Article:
People are now spending less on other goods and services. It's natural consumer behavior -- and so is the response from Japanese companies.

Skylark operates several restaurant chains known in Japan as "family restaurants." Profits went down last quarter after the price of menus went up, so managers decided to change their strategy.

One of the chains is lowering the price of hamburger steaks by about $1. The higher-end deep fried oyster menu is also $2 cheaper.

"Customers are still looking for high quality, but I feel that now they're also extremely sensitive to the price of our menus," says Daisuke Kobayashi, who is with the marketing group at Skylark.

Another company that backtracked this year is Japan's iconic casualwear brand, Uniqlo. It raised prices twice, in 2014 and 2015. Some analysts saw it as a sign that Japan was getting out of deflation.

But top executives admitted last month that their strategy had failed. The number of customers declined, and so did profits.

"We will drastically review our prices in step with our customers' needs," at Fast Retailing president and CEO Tadashi Yanai said at a news conference. "We want to make sure Uniqlo products remain affordable for everyone."

Uniqlo is now preparing to lower the price of some items by about $5 to $10.

Shibuya: How about the price of other products? Are they also going down?

Fukushima: It seems to be the case. Take a look at this graph. This index tracks daily price variations at supermarkets and drug stores. Prices started rising in April last year.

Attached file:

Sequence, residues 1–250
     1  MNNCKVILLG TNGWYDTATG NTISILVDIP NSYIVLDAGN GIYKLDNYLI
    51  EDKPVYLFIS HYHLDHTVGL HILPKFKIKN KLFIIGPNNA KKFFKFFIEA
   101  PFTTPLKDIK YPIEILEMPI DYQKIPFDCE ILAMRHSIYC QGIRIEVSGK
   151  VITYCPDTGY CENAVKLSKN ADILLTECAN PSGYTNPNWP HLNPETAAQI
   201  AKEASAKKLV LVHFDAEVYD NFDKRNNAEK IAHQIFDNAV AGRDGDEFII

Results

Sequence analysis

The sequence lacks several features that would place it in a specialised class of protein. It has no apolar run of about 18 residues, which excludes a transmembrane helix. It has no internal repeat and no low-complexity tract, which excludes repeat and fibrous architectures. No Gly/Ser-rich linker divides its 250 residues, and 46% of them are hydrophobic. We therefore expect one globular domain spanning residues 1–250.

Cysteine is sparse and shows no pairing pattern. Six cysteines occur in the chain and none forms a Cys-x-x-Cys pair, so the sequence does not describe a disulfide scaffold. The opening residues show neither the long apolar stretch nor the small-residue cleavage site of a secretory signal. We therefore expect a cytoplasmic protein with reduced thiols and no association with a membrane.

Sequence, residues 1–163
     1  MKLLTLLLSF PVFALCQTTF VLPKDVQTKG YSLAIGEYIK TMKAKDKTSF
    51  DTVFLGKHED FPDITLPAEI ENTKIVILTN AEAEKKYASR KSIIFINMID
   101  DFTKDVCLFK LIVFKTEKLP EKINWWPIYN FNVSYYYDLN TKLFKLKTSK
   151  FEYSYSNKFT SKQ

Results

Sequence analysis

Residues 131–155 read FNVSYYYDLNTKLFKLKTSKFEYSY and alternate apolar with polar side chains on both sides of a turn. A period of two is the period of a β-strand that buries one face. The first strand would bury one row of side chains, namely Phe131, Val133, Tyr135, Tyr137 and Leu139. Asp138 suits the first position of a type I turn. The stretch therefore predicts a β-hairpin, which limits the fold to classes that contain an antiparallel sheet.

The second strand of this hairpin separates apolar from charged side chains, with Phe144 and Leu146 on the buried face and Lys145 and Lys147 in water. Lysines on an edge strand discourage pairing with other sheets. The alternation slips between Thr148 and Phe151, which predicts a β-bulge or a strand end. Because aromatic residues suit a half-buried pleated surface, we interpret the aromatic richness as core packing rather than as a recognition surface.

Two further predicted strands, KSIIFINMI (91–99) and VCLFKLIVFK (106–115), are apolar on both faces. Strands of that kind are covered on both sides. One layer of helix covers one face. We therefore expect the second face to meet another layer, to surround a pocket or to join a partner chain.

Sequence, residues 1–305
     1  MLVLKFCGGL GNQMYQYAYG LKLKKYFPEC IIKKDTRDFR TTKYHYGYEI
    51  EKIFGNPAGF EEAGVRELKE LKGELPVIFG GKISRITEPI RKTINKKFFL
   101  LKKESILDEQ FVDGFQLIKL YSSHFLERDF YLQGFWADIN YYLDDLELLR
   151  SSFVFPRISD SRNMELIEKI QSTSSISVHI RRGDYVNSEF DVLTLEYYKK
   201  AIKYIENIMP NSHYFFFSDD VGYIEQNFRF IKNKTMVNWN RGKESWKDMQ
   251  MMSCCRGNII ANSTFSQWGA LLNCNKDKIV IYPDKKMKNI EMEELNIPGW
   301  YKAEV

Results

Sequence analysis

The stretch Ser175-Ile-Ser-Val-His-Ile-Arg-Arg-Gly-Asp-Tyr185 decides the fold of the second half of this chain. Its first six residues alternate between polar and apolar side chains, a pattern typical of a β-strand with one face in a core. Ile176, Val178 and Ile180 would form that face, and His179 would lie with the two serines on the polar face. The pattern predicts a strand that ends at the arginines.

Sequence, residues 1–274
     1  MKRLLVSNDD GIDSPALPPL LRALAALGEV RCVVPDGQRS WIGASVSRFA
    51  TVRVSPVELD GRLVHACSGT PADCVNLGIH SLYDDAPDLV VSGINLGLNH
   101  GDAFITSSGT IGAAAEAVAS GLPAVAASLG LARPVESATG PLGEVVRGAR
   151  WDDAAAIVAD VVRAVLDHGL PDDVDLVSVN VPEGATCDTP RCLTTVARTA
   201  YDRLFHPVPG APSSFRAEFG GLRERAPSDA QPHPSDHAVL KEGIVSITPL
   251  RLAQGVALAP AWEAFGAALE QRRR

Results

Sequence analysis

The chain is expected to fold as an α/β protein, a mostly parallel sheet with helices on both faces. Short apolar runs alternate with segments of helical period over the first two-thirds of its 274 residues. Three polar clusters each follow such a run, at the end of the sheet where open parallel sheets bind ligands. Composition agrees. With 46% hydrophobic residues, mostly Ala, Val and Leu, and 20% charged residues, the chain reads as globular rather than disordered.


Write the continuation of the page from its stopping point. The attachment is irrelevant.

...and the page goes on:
Companies were eager to readjust their margins after 20 years of deflation, and they wanted to factor in the higher cost of imports caused by a cheaper yen.

Prices peaked around November, and they've been falling since. The inflation rate is now about 0.6 percent.

For more insight, I spoke with the man who created this index, Tsutomu Watanabe, who teaches economics at the University of Tokyo. And he says the real problem lies less with prices than with how much people earn.

Interview with an expert:

Watanabe: Over last 3 years, what happen was the yen depreciated then also prices went up. However, nominal wages didn’t go up that much. And as a result, real wage decline significantly. And in the future what we will need is that we will have higher nominal wages, which is comparable to increases in prices.

Fukushima: What should the government do to get wages to increase?

Watanabe: Bank of Japan should adopt wage-growth target, and then Bank of Japan say that “we will continue monetary easing until nominal wage growth reaches something like 4 percent.” Then people are much more confident about their nominal wage increase in the future, and then they are more happy to spend more.

Beppu: Government officials say Prime Minister Shinzo Abe's policies have put Japan to the recovery track. Some also say that no, things are not as ideal as that. So where does the Abenomics stand now?

Fukushima: There are a lot of opinions, as you say, and many economists are wondering where to go from here. Some say the government should implement more stimulus and they believe Prime Minister Abe should delay the new sales tax hike scheduled for April next year. That's because stimulus measures and tax increases have contradicting effects on the economy.

Others want the government to accelerate structural reforms, because they believe more stimulus would only have a limited impact. It looks like the government is at a crossroads, and whatever it does next could determine the success or failure of Abenomics.